If the thought of the January blues is already getting you down, now is the perfect time to plan a little break to help celebrate the beginning of a new year. January is a great time to travel. Not only will it help keep the festive season going longer, you’ll avoid the all-too-common crowds and chaos of the summer months.
Today, I am making the case for a January trip to the main port in Piraeus, Greece. With its close location to Athens and the unique part it plays in the festival of Epiphany, Piraeus is the ideal January destination for those who want to delve deeper into Greek culture.
The History of Epiphany
What is Epiphany?
Epiphany celebrates the events described in a well-known passage of the Bible when the voice of God was heard by those watching John the Baptist baptise Jesus Christ.
Those present heard God say, “You are my Son, the Beloved; with you I am well pleased”. At this moment, the Holy Spirit descended from Heaven like a dove.
This is an important passage for Christians as it is a moment of true divine presence when God, his Son and the Holy Spirit – in the form of a dove – were all present.
Who Celebrates It?
The festival is celebrated by Christians of all denominations across the world. In fact, along with Easter, it is one of the oldest Christian celebrations. In the Orthodox tradition – which is frequently followed in Greece – the day symbolises both the presence of God in creation and the sanctification of waters.
Epiphany in Greece
The word ‘epiphany’ itself derives from a Greek word meaning ‘vision of God’. This link hints to the huge importance the festival has in Greece. There are a variety of different ceremonies and festivities that occur around Epiphany to mark the day across the country.
The Orthodox Church
So, how do Greeks celebrate? Well, most of the ceremonies revolve around the Orthodox Church.
- The Eve of Epiphany – Children sing kalanta, or carols, about Jesus’ baptism and priests take blessed water to homes and sprinkle it around. This blesses the house and the families, and is a part of a ceremony called the Lesser Sanctification of Water.
- Epiphany Day – The day begins with church services followed by the Great Sanctification of Water.
The Blessing of the Waters
The reason to head to Piraeus in January is that the official national ceremony for the Blessing of the Waters – or the Great Sanctification – takes place at its main port in the beginning of each year.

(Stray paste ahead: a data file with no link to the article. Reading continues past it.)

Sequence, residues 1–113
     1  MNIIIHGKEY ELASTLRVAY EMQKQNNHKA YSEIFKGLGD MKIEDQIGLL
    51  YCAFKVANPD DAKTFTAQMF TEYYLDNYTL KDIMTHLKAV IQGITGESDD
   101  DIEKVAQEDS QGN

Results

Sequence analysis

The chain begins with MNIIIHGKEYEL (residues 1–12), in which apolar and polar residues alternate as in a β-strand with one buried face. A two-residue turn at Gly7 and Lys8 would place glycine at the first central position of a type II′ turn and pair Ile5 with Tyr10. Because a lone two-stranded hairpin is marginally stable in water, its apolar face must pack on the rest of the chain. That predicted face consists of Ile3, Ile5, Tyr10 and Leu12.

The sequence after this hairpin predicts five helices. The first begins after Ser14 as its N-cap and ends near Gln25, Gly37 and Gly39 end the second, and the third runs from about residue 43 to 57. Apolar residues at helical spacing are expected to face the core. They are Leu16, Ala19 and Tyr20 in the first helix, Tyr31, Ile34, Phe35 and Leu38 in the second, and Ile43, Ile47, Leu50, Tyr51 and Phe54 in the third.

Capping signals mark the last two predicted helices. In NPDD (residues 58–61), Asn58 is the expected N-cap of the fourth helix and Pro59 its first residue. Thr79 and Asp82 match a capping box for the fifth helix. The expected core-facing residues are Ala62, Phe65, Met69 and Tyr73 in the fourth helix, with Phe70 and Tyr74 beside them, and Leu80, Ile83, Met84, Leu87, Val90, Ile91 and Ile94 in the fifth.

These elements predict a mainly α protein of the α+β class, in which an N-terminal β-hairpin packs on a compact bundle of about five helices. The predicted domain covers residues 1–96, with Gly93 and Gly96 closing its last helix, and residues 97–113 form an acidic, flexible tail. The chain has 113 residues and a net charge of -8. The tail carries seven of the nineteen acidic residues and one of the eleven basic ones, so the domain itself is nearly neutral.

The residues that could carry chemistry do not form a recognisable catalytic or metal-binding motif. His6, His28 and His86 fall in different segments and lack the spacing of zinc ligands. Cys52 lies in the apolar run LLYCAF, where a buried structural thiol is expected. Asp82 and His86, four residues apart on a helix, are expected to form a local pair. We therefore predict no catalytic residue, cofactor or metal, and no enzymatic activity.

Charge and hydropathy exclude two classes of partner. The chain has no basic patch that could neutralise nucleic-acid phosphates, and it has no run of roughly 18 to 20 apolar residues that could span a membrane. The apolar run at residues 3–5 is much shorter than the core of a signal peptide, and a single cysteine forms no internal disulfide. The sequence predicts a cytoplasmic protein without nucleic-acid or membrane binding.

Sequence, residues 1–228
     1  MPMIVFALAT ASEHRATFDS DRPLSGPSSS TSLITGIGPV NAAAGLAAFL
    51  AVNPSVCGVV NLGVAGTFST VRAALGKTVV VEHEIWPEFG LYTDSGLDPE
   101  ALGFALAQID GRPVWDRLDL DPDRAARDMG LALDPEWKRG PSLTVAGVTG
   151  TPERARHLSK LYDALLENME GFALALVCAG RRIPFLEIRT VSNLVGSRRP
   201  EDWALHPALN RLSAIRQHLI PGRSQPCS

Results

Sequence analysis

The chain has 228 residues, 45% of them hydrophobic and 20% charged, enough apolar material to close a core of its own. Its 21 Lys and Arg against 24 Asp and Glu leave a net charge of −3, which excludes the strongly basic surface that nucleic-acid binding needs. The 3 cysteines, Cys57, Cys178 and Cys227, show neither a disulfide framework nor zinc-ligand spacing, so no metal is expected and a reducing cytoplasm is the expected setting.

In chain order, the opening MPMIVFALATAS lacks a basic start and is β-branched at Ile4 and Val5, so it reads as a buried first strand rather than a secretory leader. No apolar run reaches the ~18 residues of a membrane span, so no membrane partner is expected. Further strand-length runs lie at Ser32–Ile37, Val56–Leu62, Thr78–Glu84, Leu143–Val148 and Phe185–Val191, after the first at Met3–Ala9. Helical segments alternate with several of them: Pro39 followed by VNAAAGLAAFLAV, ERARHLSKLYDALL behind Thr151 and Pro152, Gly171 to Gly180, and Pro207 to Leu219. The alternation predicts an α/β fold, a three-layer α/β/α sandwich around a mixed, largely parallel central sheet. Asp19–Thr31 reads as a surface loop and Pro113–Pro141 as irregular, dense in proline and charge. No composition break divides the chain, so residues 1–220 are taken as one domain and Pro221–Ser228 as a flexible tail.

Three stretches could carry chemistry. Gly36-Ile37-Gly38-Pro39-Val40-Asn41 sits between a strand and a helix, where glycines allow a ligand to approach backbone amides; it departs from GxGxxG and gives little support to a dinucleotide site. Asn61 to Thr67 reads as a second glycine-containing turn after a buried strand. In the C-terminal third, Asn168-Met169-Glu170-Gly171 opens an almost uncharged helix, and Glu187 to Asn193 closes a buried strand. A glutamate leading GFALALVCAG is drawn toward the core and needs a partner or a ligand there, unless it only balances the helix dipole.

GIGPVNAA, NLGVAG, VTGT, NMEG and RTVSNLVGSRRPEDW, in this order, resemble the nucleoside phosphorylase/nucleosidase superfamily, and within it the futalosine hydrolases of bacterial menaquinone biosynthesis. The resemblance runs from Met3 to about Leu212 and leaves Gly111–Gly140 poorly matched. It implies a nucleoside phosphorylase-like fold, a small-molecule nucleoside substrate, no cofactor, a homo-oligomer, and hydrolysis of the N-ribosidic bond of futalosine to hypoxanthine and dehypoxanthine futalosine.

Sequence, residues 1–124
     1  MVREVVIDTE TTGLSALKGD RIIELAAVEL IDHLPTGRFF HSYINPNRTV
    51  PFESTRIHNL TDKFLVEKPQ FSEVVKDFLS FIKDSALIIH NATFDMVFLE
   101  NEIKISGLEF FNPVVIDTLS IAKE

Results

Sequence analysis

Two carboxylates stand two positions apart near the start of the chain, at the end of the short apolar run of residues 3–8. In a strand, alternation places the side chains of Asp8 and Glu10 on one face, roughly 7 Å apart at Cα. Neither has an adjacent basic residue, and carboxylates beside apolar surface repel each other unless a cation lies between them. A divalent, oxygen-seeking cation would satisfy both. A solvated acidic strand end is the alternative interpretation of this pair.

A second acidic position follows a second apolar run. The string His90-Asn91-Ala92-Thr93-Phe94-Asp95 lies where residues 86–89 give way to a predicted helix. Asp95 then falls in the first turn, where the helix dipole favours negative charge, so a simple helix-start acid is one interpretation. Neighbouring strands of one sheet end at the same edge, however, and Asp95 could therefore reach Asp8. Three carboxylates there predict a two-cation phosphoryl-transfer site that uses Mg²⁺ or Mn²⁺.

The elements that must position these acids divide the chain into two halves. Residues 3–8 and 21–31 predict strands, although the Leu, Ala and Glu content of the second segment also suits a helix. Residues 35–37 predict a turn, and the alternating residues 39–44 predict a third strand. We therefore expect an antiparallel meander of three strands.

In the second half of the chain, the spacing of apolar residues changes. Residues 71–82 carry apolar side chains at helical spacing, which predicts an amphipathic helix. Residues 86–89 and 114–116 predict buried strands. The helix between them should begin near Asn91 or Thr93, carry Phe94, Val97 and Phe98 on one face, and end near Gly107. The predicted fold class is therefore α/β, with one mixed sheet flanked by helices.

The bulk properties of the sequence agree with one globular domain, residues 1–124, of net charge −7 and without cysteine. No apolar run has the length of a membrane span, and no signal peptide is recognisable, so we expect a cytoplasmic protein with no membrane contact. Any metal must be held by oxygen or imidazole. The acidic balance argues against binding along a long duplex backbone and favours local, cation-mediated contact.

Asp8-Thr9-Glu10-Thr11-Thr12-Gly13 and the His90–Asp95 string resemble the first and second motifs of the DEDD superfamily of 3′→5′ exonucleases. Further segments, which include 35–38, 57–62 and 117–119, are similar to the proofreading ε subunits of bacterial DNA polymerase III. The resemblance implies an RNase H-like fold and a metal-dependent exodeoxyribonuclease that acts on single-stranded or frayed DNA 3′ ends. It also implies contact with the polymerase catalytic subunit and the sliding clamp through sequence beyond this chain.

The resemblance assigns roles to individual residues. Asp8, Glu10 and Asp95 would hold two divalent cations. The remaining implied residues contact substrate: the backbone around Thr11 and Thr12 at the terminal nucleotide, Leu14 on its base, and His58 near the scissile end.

Thousands of locals, as well as church officials, politicians and tourists, will be there to see a shining gold cross tossed into the sea by a priest. The cross is then retrieved by a group of divers. The one to successfully find the cross gains good luck for the year to come. A dove is released at the same time to symbolise the presence of the Holy Spirit.
Once this ceremony is over, boats are brought in to be blessed by the local priest. Though this ceremony happens all over Greece – with rivers, lakes and seas all blessed – the biggest celebration is in Piraeus.
Epiphany Customs Elsewhere in Greece
Each region or town has its own unique way of celebrating this special holiday.
- Masked parades take place in Kastoria and Kozani to scare away evil spirits.
- The Rougkatsi is popular in Thessalia. Locals dress up in costumes and go from house to house singing.
- In the north, a local ‘king’ dresses in a traditional shepherd’s cape and leads a magical ceremonial dance.
Where to Stay
Piraeus Dream Hotel – Just fifty yards from the main port and in the centre of the city, this stylish hotel is ideal for culture-loving couples. The Piraeus Dream offers chic modern rooms, a beautiful roof garden restaurant and stunning harbour views.
Piraeus Port Hotel – The Piraeus Port Hotel has a calm, boutique feel in a city centre location. Surrounded by excellent restaurants and cafes and just a short walk from the main port, this hotel provides value for money in a comfortable setting.
Argo Hotel Piraeus – This lovely family-run hotel is in a great location. It is only a 15-minute walk away from the beach and a few hundred yards from the port. The rooms are bright and comfortable and the staff are well-trained and always ready to help.
Top Tip: The cultural centre that is Athens is also easily accessible from all these hotels. Check out our guide on the city’s coolest attractions.
How to Get There
Fly from your nearest airport to Athens International Airport. From London airports, a flight takes about one and a half hours. Though there are six airlines that fly directly to Athens, the most popular has recently been British Airways.
Once you land in Athens, I would recommend getting a Shuttle Direct transfer to your resort, hotel or B&B. The journey from Athens Airport to Piraeus takes just under an hour. The benefits of booking a Shuttle Direct transfer are a stress-free connection, a quick and efficient journey to your destination and the ability to start your holiday as soon as possible.
About Shuttle Direct
At Shuttle Direct we pride ourselves on our global team of friendly and professional drivers. We have a range of transfer options to suit different budgets and needs and, with fixed rates and no booking fees, you can be confident you’re getting a fair deal.